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'Join Forces' Against Sanctions 'Blackmail,' Urges Russia's Lavrov

Russian Foreign Minister Sergei Lavrov greets Venezuelan counterpart Yvan Gil in Caracas. Russian Foreign Ministry / TASS

Russian Foreign Minister Sergei Lavrov called Tuesday for like-minded countries to "join forces" against the "blackmail" of Western sanctions, as the longtime diplomat continued his tour of Latin America.

Discussing Russia's war on Ukraine with counterpart Yvan Gil in Caracas, Lavrov referred to allies Venezuela, Cuba and Nicaragua as countries "that choose their own path."

All are, like Russia, the subject of damaging economic sanctions, he said.

"It is necessary to join forces to counter the attempts of blackmail and illegal unilateral pressure of the West," Lavrov said at a joint press conference with Gil.

Russia's top diplomat is on a week-long Latin American tour that started in Brazil and will also take him to Nicaragua and Cuba — where the leftist governments have hostile relations with the United States.

He spoke as Brazilian President Luiz Inacio Lula da Silva, under fire from the United States for "parroting Russian and Chinese propaganda," on Tuesday clearly condemned Russia's invasion of Ukraine.

The White House on Monday — the same day that Lula met with Lavrov in Brasilia — had criticized the Brazilian leader for recently saying that Washington was "encouraging the war" in Ukraine and that Kyiv shared blame for the conflict.

On Tuesday, Lula insisted that while his government "condemns the violation of the territorial integrity of Ukraine" it also defends "a negotiated political solution to the conflict."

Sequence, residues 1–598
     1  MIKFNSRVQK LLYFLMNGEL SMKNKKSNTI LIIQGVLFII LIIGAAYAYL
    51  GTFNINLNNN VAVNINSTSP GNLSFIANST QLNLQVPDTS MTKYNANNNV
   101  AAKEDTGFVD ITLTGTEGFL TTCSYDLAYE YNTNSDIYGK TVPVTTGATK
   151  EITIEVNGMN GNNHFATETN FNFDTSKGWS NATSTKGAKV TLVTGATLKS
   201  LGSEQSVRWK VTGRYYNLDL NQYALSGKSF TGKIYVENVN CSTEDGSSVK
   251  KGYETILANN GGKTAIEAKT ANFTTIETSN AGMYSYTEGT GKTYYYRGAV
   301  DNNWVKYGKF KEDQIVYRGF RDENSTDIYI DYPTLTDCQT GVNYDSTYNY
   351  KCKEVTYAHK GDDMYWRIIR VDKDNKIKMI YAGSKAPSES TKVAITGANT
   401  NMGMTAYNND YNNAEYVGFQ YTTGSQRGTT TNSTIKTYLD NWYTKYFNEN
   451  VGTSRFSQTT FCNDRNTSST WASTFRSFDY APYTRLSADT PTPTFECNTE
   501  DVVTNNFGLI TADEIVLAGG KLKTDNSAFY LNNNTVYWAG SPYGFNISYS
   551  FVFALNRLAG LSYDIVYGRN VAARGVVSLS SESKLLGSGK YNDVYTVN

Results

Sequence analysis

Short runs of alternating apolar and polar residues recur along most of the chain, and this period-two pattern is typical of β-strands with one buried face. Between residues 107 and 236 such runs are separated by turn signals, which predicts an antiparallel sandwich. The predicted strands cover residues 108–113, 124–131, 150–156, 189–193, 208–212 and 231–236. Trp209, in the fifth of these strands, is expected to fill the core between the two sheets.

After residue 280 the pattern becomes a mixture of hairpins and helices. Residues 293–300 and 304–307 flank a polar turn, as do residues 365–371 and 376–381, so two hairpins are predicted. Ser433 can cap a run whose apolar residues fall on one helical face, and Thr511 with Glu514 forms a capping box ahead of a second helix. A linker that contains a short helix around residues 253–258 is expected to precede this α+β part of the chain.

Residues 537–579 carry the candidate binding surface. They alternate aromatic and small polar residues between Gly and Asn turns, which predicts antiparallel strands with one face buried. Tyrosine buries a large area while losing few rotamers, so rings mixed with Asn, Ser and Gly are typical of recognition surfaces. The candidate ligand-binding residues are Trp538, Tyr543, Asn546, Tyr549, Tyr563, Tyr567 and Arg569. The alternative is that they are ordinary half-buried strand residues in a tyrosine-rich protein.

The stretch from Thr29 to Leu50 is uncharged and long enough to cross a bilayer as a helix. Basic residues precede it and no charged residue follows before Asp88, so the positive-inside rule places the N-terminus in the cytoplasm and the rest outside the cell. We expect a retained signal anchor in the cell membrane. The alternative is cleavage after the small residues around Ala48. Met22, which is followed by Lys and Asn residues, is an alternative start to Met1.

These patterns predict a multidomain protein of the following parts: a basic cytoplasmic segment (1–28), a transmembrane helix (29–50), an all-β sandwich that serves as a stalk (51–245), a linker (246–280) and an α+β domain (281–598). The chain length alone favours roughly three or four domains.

On Russia's war, Lavrov said: "We will resolve the situation" by upholding the principles of the United Nations' founding charter on the "sovereign equity of states, on the principle of indivisibility of security."

"Our task is to ensure that the UN charter is fully implemented, that the right to self-determination is not eliminated when it suits the West," he said, according to an official translation. 

Lavrov also met with Venezuelan President Nicolas Maduro, who afterward tweeted that it was a "pleasant meeting that strengthened bilateral relations."

Venezuela has long been a key Moscow ally, and Maduro has repeatedly expressed his support for Russia and President Vladimir Putin both before and after the invasion of Ukraine. 

Russia, for its part, has supported Caracas in the face of sanctions imposed by the United States.

The opposition in Venezuela, backed by a large swathe of the international community, did not recognize Maduro's re-election in 2018 in a vote widely dismissed as fraudulent.

At the bilateral level, Russia and Venezuela announced that they have signed agreements regarding oil and mining. 

Lavrov will later travel to Cuba, which is facing a serious economic crisis. 

Cuban President Miguel Diaz-Canel visited Russia at the end of November, where he announced he had signed several agreements concerning oil supplies to the island. However, fuel shortages persist. 

Lavrov is expected to make a final stop in Managua, where he will meet with Nicaraguan President Daniel Ortega.

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